Snakebite can repel the Power slayer and extend stay at the Palace

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Alexandra Palace opens its doors for the twelfth night of the Ladbrokes Darts World Championship and our news team has previewed the best of the evening’s action, with the treble below paying almost 4/1.

Kevin Painter (+1.5 sets) to beat Simon Whitlock @ 5/6

Kevin Painter has endured a difficult time since making his maiden appearance in the Premier League last year but the 2004 World Championship finalist is now showing the form that gave him an invite to dart’s elite competition.

The Artist has not lost a set in his matches against German Thomas Seyler and Players Championship Finals winner Paul Nicholson. The latter result was particularly impressive and will be worrying his last 16 opponent Simon Whitlock.

If this match had taken place a week ago the Australian would have been far shorter in the betting but Painter’s improvement since arriving in London has not gone unnoticed.

However, the world number four remains favourite after also not surrendering a set in his opening clashes with England’s Ross Smith and Jarkko Komula of Finland.

This is a significant step-up for The Wizard though and his head-to-head record with Painter is much closer than the betting reflects.

Whitlock has won eight of their fifteen meetings, including four of the last five, however, all of those have come during a period when Painter has slipped dramatically down the rankings and has clearly been far from his best.

The 46-year-old is now playing far better than his ranking of 21st in the world would suggest and so odds of 5/6 that Painter wins the match with a 1.5 set advantage looks attractive.

There haven’t been more than three legs between him and Whitlock in any of those four recent losses and it would be surprising, even if Painter was to lose, if it were not at least very close.

Peter Wright to beat Michael Smith @ 4/9

World number two Michael Smith sent reverberations around the darts world when holding his nerve to beat 16-time World Champion Phil Taylor in the second round but despite his bullish reaction after the match that could be the lasting memory of the 23-year-old at this year’s event.

Smith had every right to say he thought he could win the entire tournament after knocking out the odds-on outright favourite, however, it would be a much bigger shock than even turning The Power off if the St Helens thrower was to go all the way.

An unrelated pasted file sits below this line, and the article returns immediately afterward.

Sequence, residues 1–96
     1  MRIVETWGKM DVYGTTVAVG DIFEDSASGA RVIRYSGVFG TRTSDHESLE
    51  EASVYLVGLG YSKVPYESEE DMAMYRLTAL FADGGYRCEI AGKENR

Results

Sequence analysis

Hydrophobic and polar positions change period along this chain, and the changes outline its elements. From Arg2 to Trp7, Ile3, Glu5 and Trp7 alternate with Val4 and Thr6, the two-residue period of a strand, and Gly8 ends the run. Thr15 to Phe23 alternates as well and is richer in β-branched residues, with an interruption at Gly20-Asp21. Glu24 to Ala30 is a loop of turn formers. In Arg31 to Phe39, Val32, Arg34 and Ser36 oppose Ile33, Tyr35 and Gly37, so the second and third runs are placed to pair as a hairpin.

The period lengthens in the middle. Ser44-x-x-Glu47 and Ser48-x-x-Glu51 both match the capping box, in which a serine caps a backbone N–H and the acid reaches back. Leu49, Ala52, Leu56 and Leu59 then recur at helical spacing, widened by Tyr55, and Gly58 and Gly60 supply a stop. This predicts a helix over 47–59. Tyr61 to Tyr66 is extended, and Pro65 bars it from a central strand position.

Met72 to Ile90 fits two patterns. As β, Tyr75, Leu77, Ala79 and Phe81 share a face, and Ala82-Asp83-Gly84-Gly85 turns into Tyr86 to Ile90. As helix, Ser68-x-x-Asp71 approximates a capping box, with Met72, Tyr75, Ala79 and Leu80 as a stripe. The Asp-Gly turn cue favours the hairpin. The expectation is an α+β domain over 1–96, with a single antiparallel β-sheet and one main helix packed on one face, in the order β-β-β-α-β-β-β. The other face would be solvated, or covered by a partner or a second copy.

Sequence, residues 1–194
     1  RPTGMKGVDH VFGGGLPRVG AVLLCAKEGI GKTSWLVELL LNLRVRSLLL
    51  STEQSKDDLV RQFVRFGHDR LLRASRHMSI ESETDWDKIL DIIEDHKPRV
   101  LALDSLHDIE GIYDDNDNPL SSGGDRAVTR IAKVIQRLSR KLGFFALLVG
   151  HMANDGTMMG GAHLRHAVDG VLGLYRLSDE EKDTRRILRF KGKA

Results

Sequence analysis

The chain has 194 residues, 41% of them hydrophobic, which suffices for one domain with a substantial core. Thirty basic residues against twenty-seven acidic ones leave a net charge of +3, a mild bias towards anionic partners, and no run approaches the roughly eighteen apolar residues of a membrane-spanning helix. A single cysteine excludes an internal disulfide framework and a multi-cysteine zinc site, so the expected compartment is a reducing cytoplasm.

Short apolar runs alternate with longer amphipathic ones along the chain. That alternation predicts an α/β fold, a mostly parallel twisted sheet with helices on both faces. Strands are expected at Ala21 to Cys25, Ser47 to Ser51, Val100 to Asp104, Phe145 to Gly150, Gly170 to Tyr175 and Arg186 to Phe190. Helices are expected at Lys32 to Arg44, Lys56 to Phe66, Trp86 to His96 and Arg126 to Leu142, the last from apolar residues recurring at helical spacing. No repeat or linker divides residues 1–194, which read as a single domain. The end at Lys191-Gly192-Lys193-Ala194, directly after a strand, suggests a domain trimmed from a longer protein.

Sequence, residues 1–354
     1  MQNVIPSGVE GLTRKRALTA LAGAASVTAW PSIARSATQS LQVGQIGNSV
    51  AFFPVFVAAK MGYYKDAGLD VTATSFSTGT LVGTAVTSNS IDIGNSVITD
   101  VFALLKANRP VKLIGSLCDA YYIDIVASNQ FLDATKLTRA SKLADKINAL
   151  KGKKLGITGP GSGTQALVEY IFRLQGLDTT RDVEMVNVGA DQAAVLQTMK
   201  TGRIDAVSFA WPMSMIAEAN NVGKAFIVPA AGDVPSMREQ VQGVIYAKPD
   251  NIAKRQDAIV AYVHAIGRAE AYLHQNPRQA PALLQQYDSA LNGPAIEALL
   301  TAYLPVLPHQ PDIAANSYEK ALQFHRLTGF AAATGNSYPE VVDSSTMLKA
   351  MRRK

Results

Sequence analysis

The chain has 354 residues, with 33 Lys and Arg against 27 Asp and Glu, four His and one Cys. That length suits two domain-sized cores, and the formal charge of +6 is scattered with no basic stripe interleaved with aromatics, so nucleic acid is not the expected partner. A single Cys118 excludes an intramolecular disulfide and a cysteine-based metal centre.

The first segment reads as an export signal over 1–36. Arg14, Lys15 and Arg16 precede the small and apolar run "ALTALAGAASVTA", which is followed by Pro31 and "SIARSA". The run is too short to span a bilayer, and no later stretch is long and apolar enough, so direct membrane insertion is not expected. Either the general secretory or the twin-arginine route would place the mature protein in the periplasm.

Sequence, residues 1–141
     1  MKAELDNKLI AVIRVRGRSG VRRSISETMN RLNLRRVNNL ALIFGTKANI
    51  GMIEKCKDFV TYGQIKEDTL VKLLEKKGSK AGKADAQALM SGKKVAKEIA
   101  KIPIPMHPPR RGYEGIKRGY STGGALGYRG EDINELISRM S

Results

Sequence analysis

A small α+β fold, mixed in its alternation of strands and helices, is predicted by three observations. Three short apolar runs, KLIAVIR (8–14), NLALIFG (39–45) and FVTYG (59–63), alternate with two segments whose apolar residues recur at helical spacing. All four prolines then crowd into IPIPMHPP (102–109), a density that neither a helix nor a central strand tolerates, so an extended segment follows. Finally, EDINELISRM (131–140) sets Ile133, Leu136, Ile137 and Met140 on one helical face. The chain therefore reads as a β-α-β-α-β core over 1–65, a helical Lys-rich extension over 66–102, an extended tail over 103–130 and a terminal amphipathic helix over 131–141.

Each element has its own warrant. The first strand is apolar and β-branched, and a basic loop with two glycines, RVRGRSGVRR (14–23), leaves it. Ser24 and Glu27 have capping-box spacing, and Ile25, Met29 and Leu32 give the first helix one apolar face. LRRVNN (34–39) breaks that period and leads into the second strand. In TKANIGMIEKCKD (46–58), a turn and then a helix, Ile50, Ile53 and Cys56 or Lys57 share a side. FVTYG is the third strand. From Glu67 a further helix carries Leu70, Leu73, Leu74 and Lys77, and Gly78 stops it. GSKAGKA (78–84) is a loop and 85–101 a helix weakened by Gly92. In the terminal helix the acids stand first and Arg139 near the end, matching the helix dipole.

For fans new to the sport they could be forgiven for not knowing who Smith’s last 16 opponent, Peter Wright was, but the bookmakers certainly do and they are taking no chances with the ebullient arrowsmith.

Wright has had an excellent season in the less heralded events, winning two Players Championship Finals and making it to the final in three others. He has been seen as one of the most difficult players to beat on the floor for some time but only now is he transferring that form in front of the TV cameras.

Wright resisted a fightback from Kim Huybrechts in his last match, a result which in some ways is just as impressive as Smith’s shock against Taylor.

Huybrechts has been another player who has had an outstanding season and the fact that some layers were quoting him at shorter odds than seven-time major winner James Wade speaks volumes. Taylor, on the other hand, played appallingly against Smith and despite the enormity of the achievement on paper, more of the field would have produced the upset that night than wouldn’t have.

As a result, odds of 4/9 that the man they call Snakebite brings Smith back to earth look the best approach.

Raymond van Barneveld v Mark WebsterMatch to contain more than 5.5 sets @ 4/5

Mark Webster has survived two deciding sets to reach the last 16 and his nerve looks set to be put to the test once more against 2007 World Champion Raymond van Barneveld.

Like Painter, form and results seemed to unravel for one of the game’s brightest stars after his nightmare debut in the Premier League in 2011 but the Welshman at least looks mentally strong since arriving at Ally Pally and could pose Barney some problems.

The much-loved Dutchman enjoyed a less stressful first round than Webster when overwhelming Jamie Lewis 3-0, but then had to dig deep like his opponent when his second round clash with Jamie Caven went down to the wire.

The 46-year-old predictably dealt with the pressure much better than Caven but it was far from ideal preparation for the crowd and match favourite.

Webster showed two years ago when making countless deep runs at the Majors that he can mix it with the best of them and so the advice is to invest in the match going close, if not to, the distance.

Both players have enough quality to respond if going behind early, but crucially, both have shown over the last two seasons and already at this championship that they are not in the form to steamroll anyone of any quality. As a result odds of 4/5 that the match contains more than 5.5 sets make appeal.

All Odds and Markets are correct as of the date of publishing.

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